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A You Tube video is available courtesy of Barry Ferguson. The 2016 Walking of the Marches – see below:-

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2016 Hammermen Burns Supper

The Incorporation of Hammermen enjoyed a Burns Supper 229 years to the day the Bard stayed at the Golden Lion. It was an evening of songs, speeches and poems that he would have been proud of. Many often ask “why hold a Burns Supper in August?” A few years ago the Incorporation agreed to have a Burns Supper in recognition of his visit and meal to the Golden Lion (then called Wingate’s Inn) on 26th August 1787.

Deacon Andy McEwan started the night introducing the top table. After the haggis had been piped in by Shauna Shand and Douglas Lawson, Sandy Anderson gave a fine Address to the Haggis with Bailie Ken Johnston following on with Grace. After a good meal, the addresses were interspersed by songs from Delia Binney accompanied by her husband Tim. Ken Dow gave an outstanding Immortal memory the best many had heard with historical facts and light hearted humour intertwined. David Sibbald then recited a humorous poem followed by the Toast to the City of Stirling given by Bailie Lewis Allen.

The evening wouldn’t be complete without David giving his world famous rendition of Tam ‘O’ Shanter. The evening then concluded with Auld Lang Syne and a vote of thanks from Bailie Robin Mair.

Pictured below L-R Douglas Lawson, Bailie Lewis Allen, Deacon Andy McEwan, Ken Dow, Bailie Ken Johnston.


Some Pictures of the evening

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Glasgow Trades Hall visit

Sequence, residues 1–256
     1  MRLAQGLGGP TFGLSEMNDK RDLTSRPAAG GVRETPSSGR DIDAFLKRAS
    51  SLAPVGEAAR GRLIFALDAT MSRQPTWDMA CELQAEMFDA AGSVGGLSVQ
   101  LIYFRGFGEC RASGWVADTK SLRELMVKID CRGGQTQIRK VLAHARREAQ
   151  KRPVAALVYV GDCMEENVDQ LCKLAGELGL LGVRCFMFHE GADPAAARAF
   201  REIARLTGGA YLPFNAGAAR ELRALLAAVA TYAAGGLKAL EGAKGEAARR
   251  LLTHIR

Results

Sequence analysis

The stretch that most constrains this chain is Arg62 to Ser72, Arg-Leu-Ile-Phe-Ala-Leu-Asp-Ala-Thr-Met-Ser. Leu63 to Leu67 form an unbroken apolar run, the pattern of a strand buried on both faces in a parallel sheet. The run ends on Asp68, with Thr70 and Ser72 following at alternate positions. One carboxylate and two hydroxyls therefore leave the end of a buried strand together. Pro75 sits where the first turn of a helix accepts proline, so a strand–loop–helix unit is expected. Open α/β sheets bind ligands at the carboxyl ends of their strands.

IMG_0869Recently members of the Hammermen spent an enjoyable morning at Trades Hall in Glasgow which is home of the Trades House of Glasgow established in 1605. Our tour was courtesy of Craig Bryce, Deacon of the Incorporation of Masons in Glasgow in 2013 and a Stirling Hammerman. Craig explained to the members that there were 14 incorporated crafts in the Trades House of Glasgow the oldest being the Masons which along with the Wrights and Coopers claim to have been first incorporated by King Malcolm III of Scotland in 1057.

IMG_0874 (3) Glasgow Trades House motto is Union is Strength and Craig explained that the symbol of
the 14 arrows was taken from the fact that  a few arrows can be easily broken but 14 together cannot. Trades Hall itself was designed and built from 1791-1794 by prominent Scottish architect Robert Adam. It is one of the oldest buildings in Glasgow still used for its original purpose. The hall is used by the trades for dinners and meetings but is also let out for functions, events and weddings. Trades House support many deserving causes and individuals across the City of Glasgow through general support and donations from the 14 Incorporated Crafts.